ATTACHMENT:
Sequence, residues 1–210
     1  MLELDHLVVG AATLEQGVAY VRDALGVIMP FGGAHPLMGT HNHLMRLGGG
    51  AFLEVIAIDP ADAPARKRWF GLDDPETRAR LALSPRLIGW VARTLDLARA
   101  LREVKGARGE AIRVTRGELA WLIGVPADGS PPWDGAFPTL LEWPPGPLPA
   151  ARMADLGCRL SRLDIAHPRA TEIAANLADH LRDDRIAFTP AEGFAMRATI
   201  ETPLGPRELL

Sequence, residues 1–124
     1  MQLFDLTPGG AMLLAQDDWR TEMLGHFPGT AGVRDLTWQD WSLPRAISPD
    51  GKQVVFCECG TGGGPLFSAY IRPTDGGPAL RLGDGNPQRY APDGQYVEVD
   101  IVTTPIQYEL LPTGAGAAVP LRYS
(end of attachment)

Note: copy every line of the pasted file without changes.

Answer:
Sequence, residues 1–210
     1  MLELDHLVVG AATLEQGVAY VRDALGVIMP FGGAHPLMGT HNHLMRLGGG
    51  AFLEVIAIDP ADAPARKRWF GLDDPETRAR LALSPRLIGW VARTLDLARA
   101  LREVKGARGE AIRVTRGELA WLIGVPADGS PPWDGAFPTL LEWPPGPLPA
   151  ARMADLGCRL SRLDIAHPRA TEIAANLADH LRDDRIAFTP AEGFAMRATI
   201  ETPLGPRELL

Sequence, residues 1–124
     1  MQLFDLTPGG AMLLAQDDWR TEMLGHFPGT AGVRDLTWQD WSLPRAISPD
    51  GKQVVFCECG TGGGPLFSAY IRPTDGGPAL RLGDGNPQRY APDGQYVEVD
   101  IVTTPIQYEL LPTGAGAAVP LRYS